But the success of the capture only intensified the commotion on shore. The tumult continued the next day; the mob broke the windows of the houses of the commissioners and the custom-house officers; they dragged the collector's boat on shore, and made a bonfire of it. These officers fled for their livesfirst on board the Romney, and then to Castle William, a fortress at the mouth of the harbour. The third day was Sunday, and the Bostonians kept the day with the decorum customary with New Englanders; but on the Monday the riot was resumed with unabated vigour. Placards were carried round the town, calling on the Sons of Liberty to meet on Tuesday at ten o'clock. The Sons of Liberty were members of the non-importation associations, which had been established there, and in many parts of America. They had adopted that designation from a phrase in a speech of Colonel Barr, delivered in Parliament as early as 1765. Daughters of Liberty existed as well as Sons of Liberty, who mutually bound themselves to drink no tea, as well as to wear nothing imported after the passing of these duties. The Government retaliated by pouring troops into the town and summoning ships of war into the harbour.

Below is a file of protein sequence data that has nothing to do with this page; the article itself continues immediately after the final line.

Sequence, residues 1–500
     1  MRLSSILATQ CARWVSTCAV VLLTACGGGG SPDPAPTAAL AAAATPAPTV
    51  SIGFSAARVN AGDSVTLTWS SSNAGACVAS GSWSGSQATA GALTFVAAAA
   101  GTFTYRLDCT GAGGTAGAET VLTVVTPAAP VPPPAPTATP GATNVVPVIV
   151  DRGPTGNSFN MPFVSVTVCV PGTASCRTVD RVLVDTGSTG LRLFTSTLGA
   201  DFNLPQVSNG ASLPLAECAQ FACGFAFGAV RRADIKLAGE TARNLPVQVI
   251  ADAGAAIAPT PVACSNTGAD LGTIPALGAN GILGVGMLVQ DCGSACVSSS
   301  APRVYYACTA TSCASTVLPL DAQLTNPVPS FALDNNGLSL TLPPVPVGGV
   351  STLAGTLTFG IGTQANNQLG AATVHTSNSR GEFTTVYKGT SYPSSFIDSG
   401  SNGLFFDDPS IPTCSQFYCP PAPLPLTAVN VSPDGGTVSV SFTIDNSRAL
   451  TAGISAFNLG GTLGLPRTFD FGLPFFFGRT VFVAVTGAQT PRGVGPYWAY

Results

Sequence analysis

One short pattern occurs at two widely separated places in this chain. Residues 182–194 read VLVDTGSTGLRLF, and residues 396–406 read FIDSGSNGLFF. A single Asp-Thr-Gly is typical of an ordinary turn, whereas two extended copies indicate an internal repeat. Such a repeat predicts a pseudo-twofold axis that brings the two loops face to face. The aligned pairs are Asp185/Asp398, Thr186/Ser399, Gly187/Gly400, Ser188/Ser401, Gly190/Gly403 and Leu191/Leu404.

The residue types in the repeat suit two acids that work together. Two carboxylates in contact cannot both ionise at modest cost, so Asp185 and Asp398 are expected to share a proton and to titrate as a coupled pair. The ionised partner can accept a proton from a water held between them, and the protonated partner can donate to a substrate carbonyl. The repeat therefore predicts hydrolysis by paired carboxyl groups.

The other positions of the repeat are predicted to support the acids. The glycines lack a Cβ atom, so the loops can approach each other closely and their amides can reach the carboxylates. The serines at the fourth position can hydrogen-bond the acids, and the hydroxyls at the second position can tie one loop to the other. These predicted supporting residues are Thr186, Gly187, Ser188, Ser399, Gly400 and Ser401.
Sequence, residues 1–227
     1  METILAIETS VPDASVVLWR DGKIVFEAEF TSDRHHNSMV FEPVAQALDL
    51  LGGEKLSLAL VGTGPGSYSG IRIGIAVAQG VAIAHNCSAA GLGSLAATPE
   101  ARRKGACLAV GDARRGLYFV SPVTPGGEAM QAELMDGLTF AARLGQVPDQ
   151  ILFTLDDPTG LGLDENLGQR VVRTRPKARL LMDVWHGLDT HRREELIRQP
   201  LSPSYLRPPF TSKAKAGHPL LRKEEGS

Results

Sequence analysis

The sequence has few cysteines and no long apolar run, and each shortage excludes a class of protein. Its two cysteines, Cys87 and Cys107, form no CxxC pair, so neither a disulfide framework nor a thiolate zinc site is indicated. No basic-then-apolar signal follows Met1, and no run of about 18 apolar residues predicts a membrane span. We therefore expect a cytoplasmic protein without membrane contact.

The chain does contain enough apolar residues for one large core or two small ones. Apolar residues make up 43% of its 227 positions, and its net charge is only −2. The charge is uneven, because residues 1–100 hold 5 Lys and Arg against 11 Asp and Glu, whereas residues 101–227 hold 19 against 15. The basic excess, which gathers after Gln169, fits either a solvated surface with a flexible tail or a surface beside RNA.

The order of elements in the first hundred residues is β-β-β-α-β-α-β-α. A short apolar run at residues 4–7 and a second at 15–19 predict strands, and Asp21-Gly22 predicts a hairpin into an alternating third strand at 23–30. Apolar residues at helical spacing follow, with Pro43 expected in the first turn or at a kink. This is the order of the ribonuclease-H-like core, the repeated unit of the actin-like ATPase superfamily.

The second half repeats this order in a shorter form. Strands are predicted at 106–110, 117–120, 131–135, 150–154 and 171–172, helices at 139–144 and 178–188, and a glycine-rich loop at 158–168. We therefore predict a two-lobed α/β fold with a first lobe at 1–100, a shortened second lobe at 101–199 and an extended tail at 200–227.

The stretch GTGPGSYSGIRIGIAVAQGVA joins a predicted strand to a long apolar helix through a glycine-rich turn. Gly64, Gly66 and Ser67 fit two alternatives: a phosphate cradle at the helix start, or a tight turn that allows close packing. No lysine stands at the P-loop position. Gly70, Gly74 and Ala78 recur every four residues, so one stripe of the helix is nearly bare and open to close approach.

The Queen did not disturb the Administration which she found in office. The Premier, Lord Melbourne, who was now fifty-eight years old, had had much experience of public life. He had been Chief Secretary for Ireland, Home Secretary, and Prime Minister, to which position he had been called the second time, after the failure of Sir Robert Peel's Administration in the spring of 1835. The young Queen seems to have looked to his counsel with a sort of filial deference; and from the time of her accession to the close of his career he devoted himself to the important task of instructing and guiding his royal mistress in the discharge of her various official dutiesa task of great delicacy, which he performed with so much ability and success as not only to win her gratitude, but to secure also the approbation of the country, and to disarm the hostility of political opponents. No royal pupil, it may be safely said, ever did more credit to a mentor than did Queen Victoria. For the time being, Lord Melbourne took up his residence at Windsor, and acted as the Queen's Secretary.